Did you know that the ground beneath your property is a network of underground utility lines? These networks may include electric lines, gas lines, water lines, cable, sewer lines, and more.
Before you start digging, it is important to find utility lines underground. Chances are, you have no idea how deep utility lines are located or where they are located. Digging before you locate these lines can be dangerous and expensive if you strike a line.
How Deep are Cable Lines Buried?
When you are digging on your property all utility lines, underground pipes, and underground cables are a concern. However, the electric lines are of the most concern. The answer to this question varies. The depth of lines varies depending on type.
Cable and phone lines are typically buried at one foot or less. Electrical lines and water lines are typically buried at around 2 feet or 24 inches underground. Things like high voltage electric lines and water pipes are buried at around 3 feet underground. Depending on where you live, utility companies may have certain regulations that determine how deep utility lines are buried.
Buried 1 foot (12 inches) or less:
- Cable lines
- Telephone lines
- Pathway lighting wires
Buried 2 feet (24 inches):
- Sewage lines
- Electric lines
- Fiber optic cable
- Gas lines
Buried 3 feet (36 inches) or more:
- High voltage cables
- Water lines
- Large sewer lines
When You Should Call 811 Locate Services
If you are doing work on your property that requires digging or excavation, you may need to reach out to 811 call-before-you-dig services. 811 will give you the approximate location of any buried utilities in your yard and mark them with flags or paint so you don’t hit a line unintentionally.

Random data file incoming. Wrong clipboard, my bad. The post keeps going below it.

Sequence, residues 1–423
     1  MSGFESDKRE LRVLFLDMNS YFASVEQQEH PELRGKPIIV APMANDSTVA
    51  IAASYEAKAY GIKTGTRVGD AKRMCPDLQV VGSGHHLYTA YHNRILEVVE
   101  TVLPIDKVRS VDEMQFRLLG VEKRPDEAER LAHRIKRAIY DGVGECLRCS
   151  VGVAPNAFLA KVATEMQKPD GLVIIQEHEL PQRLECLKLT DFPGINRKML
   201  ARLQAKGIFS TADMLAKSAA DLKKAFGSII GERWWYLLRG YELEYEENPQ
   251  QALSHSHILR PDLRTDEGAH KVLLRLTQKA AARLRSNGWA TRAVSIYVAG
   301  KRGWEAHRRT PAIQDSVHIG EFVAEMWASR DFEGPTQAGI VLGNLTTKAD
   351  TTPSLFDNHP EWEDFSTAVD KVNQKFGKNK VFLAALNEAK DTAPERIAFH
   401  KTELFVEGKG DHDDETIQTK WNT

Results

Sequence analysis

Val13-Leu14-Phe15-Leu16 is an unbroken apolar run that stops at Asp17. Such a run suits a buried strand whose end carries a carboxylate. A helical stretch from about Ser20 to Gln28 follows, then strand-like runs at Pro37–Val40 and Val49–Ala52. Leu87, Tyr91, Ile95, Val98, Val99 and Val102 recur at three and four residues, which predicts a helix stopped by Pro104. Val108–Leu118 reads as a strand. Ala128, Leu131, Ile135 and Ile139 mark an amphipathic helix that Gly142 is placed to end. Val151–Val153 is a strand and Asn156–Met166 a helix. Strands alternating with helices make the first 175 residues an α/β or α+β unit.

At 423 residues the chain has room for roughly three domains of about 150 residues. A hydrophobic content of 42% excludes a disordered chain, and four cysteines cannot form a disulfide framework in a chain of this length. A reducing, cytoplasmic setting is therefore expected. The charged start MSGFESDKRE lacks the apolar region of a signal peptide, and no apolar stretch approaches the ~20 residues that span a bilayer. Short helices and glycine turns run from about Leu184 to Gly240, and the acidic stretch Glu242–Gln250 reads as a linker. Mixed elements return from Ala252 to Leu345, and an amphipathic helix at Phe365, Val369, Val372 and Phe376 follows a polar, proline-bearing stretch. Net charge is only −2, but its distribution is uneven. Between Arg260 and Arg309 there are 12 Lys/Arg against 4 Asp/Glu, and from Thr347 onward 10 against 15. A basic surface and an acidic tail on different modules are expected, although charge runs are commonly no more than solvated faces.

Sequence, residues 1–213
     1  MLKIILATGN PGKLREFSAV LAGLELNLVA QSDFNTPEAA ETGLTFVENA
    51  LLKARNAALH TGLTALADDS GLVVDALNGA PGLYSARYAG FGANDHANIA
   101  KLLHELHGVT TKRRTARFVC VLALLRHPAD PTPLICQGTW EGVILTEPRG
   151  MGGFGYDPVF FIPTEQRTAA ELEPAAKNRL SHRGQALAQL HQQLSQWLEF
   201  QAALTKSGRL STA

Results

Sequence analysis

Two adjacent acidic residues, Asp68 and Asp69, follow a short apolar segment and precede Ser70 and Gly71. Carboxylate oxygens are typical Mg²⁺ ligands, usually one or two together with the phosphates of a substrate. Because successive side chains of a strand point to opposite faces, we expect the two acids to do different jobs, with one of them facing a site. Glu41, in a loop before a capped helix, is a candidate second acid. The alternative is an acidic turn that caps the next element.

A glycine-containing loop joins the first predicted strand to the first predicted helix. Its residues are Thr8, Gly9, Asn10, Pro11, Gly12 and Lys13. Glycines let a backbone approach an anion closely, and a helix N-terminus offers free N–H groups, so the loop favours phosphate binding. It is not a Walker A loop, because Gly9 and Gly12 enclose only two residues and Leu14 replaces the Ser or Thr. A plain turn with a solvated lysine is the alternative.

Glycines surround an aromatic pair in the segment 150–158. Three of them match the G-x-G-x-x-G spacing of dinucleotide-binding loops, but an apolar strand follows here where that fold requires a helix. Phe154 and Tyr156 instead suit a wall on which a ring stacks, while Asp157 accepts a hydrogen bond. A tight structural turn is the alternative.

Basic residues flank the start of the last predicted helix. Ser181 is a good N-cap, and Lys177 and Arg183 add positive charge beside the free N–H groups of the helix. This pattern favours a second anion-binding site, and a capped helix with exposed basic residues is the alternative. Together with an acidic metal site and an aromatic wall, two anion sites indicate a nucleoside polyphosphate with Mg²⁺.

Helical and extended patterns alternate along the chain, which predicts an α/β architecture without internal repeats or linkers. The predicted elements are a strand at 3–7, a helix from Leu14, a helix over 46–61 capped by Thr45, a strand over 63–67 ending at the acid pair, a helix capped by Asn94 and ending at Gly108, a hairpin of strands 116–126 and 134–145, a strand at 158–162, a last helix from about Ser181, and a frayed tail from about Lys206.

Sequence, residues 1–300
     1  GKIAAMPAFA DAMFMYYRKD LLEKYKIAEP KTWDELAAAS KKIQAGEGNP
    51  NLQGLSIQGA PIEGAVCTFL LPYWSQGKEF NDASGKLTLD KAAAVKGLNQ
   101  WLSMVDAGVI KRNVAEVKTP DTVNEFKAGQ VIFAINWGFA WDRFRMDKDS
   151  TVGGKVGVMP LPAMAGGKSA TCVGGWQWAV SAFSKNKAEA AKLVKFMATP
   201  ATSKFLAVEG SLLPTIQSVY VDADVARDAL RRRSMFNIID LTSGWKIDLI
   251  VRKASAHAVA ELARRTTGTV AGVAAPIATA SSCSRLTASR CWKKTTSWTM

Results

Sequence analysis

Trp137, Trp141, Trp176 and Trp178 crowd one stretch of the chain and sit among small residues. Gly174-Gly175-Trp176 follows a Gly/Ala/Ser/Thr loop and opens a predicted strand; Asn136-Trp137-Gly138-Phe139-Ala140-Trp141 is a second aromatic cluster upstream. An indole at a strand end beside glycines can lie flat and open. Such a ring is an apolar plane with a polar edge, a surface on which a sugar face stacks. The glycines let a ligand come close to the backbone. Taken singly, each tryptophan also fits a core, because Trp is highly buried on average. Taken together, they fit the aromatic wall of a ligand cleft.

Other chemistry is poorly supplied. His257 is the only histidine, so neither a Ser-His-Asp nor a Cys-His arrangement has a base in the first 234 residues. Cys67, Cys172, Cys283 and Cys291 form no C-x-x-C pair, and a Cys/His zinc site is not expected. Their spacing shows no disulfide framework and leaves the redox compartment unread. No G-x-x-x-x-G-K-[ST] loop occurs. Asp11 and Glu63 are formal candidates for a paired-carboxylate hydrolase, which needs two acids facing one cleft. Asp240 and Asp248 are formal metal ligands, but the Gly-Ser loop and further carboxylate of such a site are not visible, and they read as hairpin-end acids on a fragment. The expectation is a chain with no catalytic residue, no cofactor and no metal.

Calling 811 doesn’t just protect you, it protects your community. Hitting an underground line is not only dangerous to you, but can cause disruptions of utility services and be expensive to repair.
Some common household activities that may require you to call include:
- Planting trees
- Trenches for drainage lines, French drains, and irrigation systems
- Creating a garden or pond
- Building a fence and digging fence post holes
- Diggings for foundations (decks, sheds, garages, carports)
Can’t I just locate the lines myself?
Due to the type of equipment needed to accurately locate and map utility lines underground, and the advanced training needed, you will not be able to accurately locate utility lines by yourself.
The best way to locate subsurface utility lines is to reach out to a professional team. They have access to the right equipment and have the right training to quickly and accurately locate utilities on your property.
Marking Utility Lines: Public vs Private
Depending on where you live and the types of lines buried on your property, just calling 811 public locate services may not be enough. On many properties, there may be other lines buried that need to be located by a private locate service.
It is important to note that 811 services are free, but only locate utilities up to where they join to the building for service meter. Any lines that go from the house to another place, such as a garage or shed, are considered secondary lines and are the property owner’s responsibility.
Buried lines that are commonly marked include:
- Cable and internet wires
- Telephone lines
- Sewer lines
- Water lines
- Electrical lines and cables
- Natural gas lines
Other buried lines are that not typically marked:
- Lawn irrigation systems and drains
- Security systems
- Landscape lighting systems
- Underground cables and electric lines that run to pools or septic tanks
Utility Line Colors
Before you dig, having an idea of what color corresponds to what utility is located underneath.
- Red: Electric
- Orange: Telecommunications (telephone/internet) and alarms
- Yellow: Gas
- Blue: Potable water
- Green: sewer
- Purple: reclaimed water and irrigation
- Pink: survey markings
- White: area for proposed excavation
Other Commonly Asked Questions
How Accurate are Utility Markings?
Utility markings are accurate. However, they may not pinpoint the exact location, as the ground and soil will shift over time. Utility markings should always be verified before you dig.
Can You Dig Around Utilities?
When you are ready to start digging, it is important to always use a blunt or rounded shovel when you are digging around utilities. You should also NEVER pry around the line to remove extra soil.
Will Locate Services Damage My Property?
No, the specialized equipment used by professionals using technology known as ground penetrating radar (GPR). GPR is completely non-invasive.